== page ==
The key to your success lies in your ability to adapt.
When I was going through my divorce my biggest worries were always about my kids. How will they feel talking to kids at school about having divorced parents? Will they be ok going back and forth between two houses? What if we forget snow pants at the other parent’s house? What if they get on the wrong bus? Will we have two birthday parties? How will they feel about not seeing the other parent on holidays? I tortured myself with these questions for months and at times still do.
Fast forward and my kids have hit double digits and are the coolest mini humans. I look at them in awe and wonder how, with everything they’ve gone through, they are so awesome? And I most admire how adaptable they are. They go with the flow (a feat for my son who was the most OCD toddler you have EVER met!). They adjust to changes in our schedule. They make the most of situations. They do things that make them uncomfortable. They manage living in two different houses with two parents who have very different parenting styles. They adapt.
I’ve learned so much from them about success. I spent a great deal of my life dreading change and avoiding it at all costs. But I’ve seen what change can create. I’ve seen the opportunities and the doors change opens. And my own kids have taught me change does not have to hold me back.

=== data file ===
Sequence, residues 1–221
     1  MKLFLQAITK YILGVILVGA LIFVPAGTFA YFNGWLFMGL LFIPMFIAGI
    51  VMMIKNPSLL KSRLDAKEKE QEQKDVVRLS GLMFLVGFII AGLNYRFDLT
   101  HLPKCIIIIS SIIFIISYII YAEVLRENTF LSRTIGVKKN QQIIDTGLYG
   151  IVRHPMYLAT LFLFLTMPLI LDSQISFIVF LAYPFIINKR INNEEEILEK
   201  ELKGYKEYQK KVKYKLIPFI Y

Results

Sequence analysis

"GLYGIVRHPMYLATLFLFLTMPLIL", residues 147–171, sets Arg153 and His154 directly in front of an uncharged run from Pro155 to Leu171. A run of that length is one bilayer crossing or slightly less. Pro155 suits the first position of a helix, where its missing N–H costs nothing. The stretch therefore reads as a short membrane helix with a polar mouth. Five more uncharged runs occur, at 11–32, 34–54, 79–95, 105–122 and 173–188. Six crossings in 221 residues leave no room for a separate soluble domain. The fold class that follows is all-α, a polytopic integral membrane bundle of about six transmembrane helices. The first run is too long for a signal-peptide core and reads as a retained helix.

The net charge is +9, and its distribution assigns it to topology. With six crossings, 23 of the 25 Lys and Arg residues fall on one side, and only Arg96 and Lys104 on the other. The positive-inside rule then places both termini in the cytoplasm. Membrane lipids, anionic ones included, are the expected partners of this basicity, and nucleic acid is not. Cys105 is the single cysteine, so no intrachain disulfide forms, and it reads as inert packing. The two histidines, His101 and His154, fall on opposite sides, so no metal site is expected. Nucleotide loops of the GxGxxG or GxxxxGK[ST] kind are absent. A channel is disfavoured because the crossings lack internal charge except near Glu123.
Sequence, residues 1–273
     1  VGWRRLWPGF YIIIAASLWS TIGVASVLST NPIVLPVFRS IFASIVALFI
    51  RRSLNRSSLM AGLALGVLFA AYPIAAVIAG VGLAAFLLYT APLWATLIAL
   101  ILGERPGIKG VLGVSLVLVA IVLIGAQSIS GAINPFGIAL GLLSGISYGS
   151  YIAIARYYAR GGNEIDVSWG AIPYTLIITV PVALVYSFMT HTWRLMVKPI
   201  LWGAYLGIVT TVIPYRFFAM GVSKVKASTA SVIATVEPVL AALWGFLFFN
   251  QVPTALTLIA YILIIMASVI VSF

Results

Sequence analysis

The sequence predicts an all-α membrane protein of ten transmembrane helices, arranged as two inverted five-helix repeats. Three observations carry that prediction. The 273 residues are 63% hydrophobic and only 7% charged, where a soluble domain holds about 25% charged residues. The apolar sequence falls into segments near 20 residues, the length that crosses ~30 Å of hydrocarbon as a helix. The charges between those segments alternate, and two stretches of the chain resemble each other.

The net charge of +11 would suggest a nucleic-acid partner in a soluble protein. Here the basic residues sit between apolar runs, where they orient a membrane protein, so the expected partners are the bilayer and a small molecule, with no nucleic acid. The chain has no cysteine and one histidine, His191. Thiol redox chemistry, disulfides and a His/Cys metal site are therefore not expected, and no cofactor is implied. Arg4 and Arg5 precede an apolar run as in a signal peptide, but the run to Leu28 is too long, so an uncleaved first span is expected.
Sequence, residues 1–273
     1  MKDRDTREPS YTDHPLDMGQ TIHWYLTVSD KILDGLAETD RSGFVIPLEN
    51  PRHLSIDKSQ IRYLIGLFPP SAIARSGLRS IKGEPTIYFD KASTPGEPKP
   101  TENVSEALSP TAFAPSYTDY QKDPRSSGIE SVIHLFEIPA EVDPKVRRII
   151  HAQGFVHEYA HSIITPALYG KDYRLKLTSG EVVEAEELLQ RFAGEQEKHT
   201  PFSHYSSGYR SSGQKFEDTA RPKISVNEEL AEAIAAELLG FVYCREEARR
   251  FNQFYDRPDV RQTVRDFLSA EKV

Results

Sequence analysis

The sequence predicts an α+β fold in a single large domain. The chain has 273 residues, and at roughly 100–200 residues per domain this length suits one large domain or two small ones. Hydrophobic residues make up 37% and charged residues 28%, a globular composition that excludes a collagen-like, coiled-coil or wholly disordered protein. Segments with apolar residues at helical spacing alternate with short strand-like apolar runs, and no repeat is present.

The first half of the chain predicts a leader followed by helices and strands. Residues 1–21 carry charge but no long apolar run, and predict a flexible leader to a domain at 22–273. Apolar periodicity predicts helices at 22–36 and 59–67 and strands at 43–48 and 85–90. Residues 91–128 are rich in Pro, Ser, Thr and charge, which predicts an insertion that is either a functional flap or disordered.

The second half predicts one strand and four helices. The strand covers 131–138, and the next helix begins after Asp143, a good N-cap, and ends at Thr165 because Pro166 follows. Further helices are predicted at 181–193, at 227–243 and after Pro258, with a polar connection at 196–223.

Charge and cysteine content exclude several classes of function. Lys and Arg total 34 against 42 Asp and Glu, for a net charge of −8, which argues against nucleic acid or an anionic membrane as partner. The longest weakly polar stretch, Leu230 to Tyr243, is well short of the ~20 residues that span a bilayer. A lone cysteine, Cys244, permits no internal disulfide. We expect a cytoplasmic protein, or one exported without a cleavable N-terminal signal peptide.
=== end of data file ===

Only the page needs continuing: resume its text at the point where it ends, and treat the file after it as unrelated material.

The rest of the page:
Last year my company offered a chance at a life-changing bonus. I didn’t give it a thought at first because I didn’t think it was feasible for me to obtain. One of my business partners and I started making a plan for her though, and I thought, if she can do this so can I. I told my kids I would need their support. I told them WHEN we accomplished our goal we would start planning the Hawaii vacation they have always wanted to take. We all adapted to the grind, the late nights, the limited availability for a few weeks. I saw an opportunity for success and made it happen. And last month we went to Hawaii.
It is easier to let life stay the same. It’s easier not to take the promotion. It’s easier not to look for a more fulfilling job. It’s easier to avoid the hard conversations. It’s easier to stay away from situations that push your comfort zone. It’s easier not to change a single thing.
But it’s also harder. It’s hard to be disappointed. It’s hard to be resentful. It’s hard when you don’t feel proud of yourself. It’s hard to regret. It’s hard not to set the example you want to set for your kids. It’s hard to feel unsuccessful.
The last few years of my life I have had to adapt more than I ever planned on. I liked the “easy” life. I liked knowing what to expect. But then I had to choose what was harder – staying the same or choosing to grow. Through it all growing has proven to lead me to my best life, to success, to contentment I didn’t think was possible. And my kids have led the way. I’m so proud of all of us for proving that adapting is not just possible but magic.